Moderator
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Re: UPS

Looks like a decent UPS is going to be expensive and something I can't warrant the cost of at the moment Sad
We're still looking for new property so, hopefully, we'll move to somewhere with a more stable electricity supply.

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Courage is resistance to fear, mastery of fear, not absence of fear - Mark Twain
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Registered: 11-08-2007

Re: UPS

I got my four UPSes from eBay,  the trick is to find them located locally so that you can collect them yourself, avoiding very high postage costs, and the for "COLLECTION ONLY" ones it reduces the number of competing bidders down to those within your area.
Alternatively, many eBay sellers remove the batteries from otherwise working UPSes to reduce the shipping charges.  These UPSes are often very cheap, but you then have to source your own NEW batteries - although they often end up cheaper than the amount originally saved in posting the UPS !.
The last UPS I installed for my networking kit, cost me £10 from a local seller, the battery lasted about three years before I bought a new replacement OEM battery for £19,  and is now good as new.  Similarly my 1KW UPS also cost £10 locally, and new batteries for that were £46.
nanotm
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Re: UPS

a decent lead acid battery one will cost in the region of about £250 for your 700w system need, if you find a model of aps ups you like in the 700w region then google for its model number in the shopping tab it will show you the price of its batteries as well most of htem are in the region of £20 per unit, so changing them every year or two (I cant remember the manufacturers guidelines on that ) it will work out a lot cheaper to get a 700w unit and replace the parts as recommended rather than the £1500 + price of a 1400w rated system that wont last all that much longer .....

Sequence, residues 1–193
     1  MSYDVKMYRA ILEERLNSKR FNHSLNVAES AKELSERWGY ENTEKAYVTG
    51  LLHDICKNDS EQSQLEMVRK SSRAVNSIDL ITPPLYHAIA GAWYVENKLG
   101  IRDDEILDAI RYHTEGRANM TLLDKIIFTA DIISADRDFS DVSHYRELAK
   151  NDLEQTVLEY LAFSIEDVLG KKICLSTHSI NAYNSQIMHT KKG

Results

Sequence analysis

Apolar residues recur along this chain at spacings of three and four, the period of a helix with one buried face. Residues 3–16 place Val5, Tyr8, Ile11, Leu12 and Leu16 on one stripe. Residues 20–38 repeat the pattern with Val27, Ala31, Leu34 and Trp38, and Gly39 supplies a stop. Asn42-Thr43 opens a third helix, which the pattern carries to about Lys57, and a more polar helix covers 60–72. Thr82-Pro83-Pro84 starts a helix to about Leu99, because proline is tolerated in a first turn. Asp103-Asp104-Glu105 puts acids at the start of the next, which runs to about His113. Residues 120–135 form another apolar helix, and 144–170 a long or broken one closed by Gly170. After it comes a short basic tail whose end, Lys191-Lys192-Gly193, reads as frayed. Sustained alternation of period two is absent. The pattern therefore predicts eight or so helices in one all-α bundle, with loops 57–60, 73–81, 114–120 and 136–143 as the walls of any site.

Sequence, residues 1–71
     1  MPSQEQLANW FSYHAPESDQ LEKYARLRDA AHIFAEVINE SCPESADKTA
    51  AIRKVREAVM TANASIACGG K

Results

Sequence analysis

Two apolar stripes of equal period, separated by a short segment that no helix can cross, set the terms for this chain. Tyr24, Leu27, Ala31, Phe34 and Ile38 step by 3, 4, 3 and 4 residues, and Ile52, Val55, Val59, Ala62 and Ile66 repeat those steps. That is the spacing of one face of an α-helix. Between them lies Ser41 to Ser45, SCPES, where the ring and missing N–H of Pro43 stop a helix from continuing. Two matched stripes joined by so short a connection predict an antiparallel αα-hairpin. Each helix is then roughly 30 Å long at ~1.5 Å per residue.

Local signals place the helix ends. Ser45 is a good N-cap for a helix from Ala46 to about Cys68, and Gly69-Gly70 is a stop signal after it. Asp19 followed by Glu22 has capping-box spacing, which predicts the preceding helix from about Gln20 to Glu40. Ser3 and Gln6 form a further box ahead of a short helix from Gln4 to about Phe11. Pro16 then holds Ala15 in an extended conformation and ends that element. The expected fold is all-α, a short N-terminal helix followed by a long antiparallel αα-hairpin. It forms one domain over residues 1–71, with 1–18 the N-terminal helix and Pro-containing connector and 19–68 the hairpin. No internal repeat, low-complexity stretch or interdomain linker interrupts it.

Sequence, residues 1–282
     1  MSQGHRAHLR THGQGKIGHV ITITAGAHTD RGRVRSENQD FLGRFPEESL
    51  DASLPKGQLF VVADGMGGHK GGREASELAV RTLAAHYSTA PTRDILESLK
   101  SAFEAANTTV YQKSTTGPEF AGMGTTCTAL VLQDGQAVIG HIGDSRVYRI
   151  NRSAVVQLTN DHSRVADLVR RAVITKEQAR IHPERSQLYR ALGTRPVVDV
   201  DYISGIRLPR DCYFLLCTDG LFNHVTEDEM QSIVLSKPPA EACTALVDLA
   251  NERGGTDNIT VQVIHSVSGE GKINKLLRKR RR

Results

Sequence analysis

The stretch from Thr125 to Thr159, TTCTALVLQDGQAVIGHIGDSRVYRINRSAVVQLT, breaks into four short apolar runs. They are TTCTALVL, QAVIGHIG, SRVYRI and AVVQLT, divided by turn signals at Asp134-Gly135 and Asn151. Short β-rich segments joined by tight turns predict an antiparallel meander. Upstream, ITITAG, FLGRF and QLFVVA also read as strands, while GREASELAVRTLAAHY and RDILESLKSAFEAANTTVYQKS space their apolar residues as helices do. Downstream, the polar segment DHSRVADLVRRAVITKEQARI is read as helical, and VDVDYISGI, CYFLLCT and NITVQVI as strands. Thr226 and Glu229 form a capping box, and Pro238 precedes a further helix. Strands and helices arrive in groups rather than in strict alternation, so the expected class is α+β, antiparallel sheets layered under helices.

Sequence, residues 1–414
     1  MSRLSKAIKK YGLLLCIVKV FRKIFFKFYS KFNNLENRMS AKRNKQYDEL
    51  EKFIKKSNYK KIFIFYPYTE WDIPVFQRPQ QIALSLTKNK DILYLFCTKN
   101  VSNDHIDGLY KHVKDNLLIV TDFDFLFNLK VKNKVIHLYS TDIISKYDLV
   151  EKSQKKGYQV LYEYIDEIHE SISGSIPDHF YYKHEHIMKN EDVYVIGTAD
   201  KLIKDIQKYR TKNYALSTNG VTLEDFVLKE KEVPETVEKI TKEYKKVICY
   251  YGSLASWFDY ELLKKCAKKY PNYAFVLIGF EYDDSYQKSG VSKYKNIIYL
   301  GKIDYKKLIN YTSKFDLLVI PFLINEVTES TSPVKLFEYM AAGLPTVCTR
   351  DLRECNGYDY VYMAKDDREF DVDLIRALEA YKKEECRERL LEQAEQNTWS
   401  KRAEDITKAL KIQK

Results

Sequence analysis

its all about price versus convenience, I found for many years using a UPs was less hassle than loosing documents and replacing parts that broke due to power outages, now I don't care that much and in truth I don't have any critical stuff that's online all the time
just because your paranoid doesn't mean they aren't out to get you
thejudge
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Re: UPS

I've been thinking about getting one for a while now, but I find the really frustrating thing is that the APC ones recommended by DomS all have power cables which are about half a metre too short. My PC is about 2.5m from the nearest available wall socket and is plugged into a trailing 4-gang. I've been given to understand that a UPS must be plugged into the wall socket and, as all the APC ones I've looked into have a power cord that's no more than 1.8m long, it would put the confounded thing slap-bang in front of a CH radiator which wouldn't do it any good at all.  Sad
nanotm
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Re: UPS

there normally supplied off a standard kettle input so just buy a longer lead, also you can get longer interlink cables as well if you need them (mine was supplied with 50cm cables and they didn't even reach to the back of the tower's PSU from the floor ....
just because your paranoid doesn't mean they aren't out to get you
thejudge
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Re: UPS

All the APC ones I've looked at (online) seem to have the mains lead 'plumbed in' through the back-plate rather than having an accessible socket.
Sorry to seem dense, but what do you mean in this context by 'interlink cables'?
nanotm
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Re: UPS

the ones that plug into the ups and your equipment, its possible to get power cords up to 5 meters long so the length of the supplied ones shouldn't deter you from getting a machine that fits the bill in all other ways
just because your paranoid doesn't mean they aren't out to get you